If you choose lower resource limits, you may observe a lower latency, at the cost of lower throughput and commands getting rejected with the error code PARTICIPANT_BACKPRESSURE.

Size of connection pools. Make sure that every node uses a connection pool to communicate with the database. This avoids the extra cost of creating a new connection on every database query. Canton chooses a suitable connection pool by default. Configure the maximum number of connections such that the database is fully loaded, but not overloaded. Try to observe the db-storage.queue metrics. If they are large, then the system performance may benefit from tuning the number of database connections. Detailed instructions can be found in the Section Max Connection Settings.

Size of database task queue. If you are seeing frequent RejectedExecutionExceptions when Canton queries the database, increase the size of the task queue, as described in Section Database task queue full. The rejection is otherwise harmless. It just points out that the database is overloaded.

Database Latency. Ensure that the database latency is low. The higher the database latency, the lower the actual bandwidth and the lower the throughput of the system.

Turn on High-Throughput Sequencer. The database sequencer has a number of parameters that can be tuned. The trade-off is low-latency or high-throughput. In the low-latency setting, every submission will be immediately processed as a single item. In the high-throughput setting, the sequencer will accumulate a few events before writing them together at once. While the latency added is only a few ms, it does make a difference during development and testing of your Daml applications. Therefore, the default setting is low-latency. A production deployment with high throughput demand should choose the high-throughput setting by configuring:

// example setting for domain nodes. database sequencer nodes have the exact same settings. {
    type = database
    writer = {
        // choose between high-throughput or low-latency
        type = high-throughput

There are additional parameters that can in theory be fine-tuned, but we recommend to leave the defaults and use either high-throughput or low-latency. In our experience, a high-throughput sequencer can handle several thousand submissions per second.

JVM heap size. In case you observe OutOfMemoryErrors or high overhead of garbage collection, you must increase the heap size of the JVM, as described in Section Java Virtual Machine Arguments. Use tools of your JVM provider (such as VisualVM) to monitor the garbage collector to check whether the heap size is tight.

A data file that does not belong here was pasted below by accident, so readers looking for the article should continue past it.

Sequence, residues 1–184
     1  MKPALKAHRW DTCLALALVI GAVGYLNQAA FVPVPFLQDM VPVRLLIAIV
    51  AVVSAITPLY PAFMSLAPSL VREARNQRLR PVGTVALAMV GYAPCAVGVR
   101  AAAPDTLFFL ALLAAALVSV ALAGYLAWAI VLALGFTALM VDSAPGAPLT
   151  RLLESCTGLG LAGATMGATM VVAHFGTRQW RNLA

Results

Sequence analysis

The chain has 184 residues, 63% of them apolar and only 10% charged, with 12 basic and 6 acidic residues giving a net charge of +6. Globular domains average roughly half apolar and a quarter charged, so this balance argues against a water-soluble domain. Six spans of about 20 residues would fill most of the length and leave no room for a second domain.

Size of thread pools. Every Canton process has a thread pool for executing internal tasks. By default, the size of the thread-pool is configured as the number of (virtual) cores of the underlying (physical) machine. If the underlying machine runs other processes (e.g., a database) or if Canton runs inside of a container, the thread-pool may be too big, resulting in excessive context switching. To avoid that, configure the size of the thread pool explicitly like this:

"bin/canton -Dscala.concurrent.context.numThreads=12 --config examples/01-simple-topology/simple-topology.conf"

As a result, Canton will log the following line:

"INFO  c.d.c.e.EnterpriseEnvironment - Deriving 12 as number of threads from '-Dscala.concurrent.context.numThreads'."

Asynchronous commits. If you are using a Postgres database, configure the participant’s ledger api server to commit database transactions asynchronously by including the following line into your Canton configuration:

canton.participants.participant1.ledger-api.postgres-data-source.synchronous-commit = off

Logging Settings. Make sure that Canton outputs log messages only at level INFO and above and turn off immediate log flushing using the --log-immediate-flush=false commandline flag, at the risk of missing log entries during a host system crash.

Replication. If (and only if) using single nodes for participant, sequencer and/or mediator, replication can be turned off by setting replication.enabled = false in their respective configuration.


While replication can be turned off to try to obtain performance gains, it must not be disabled when running multiple nodes for HA.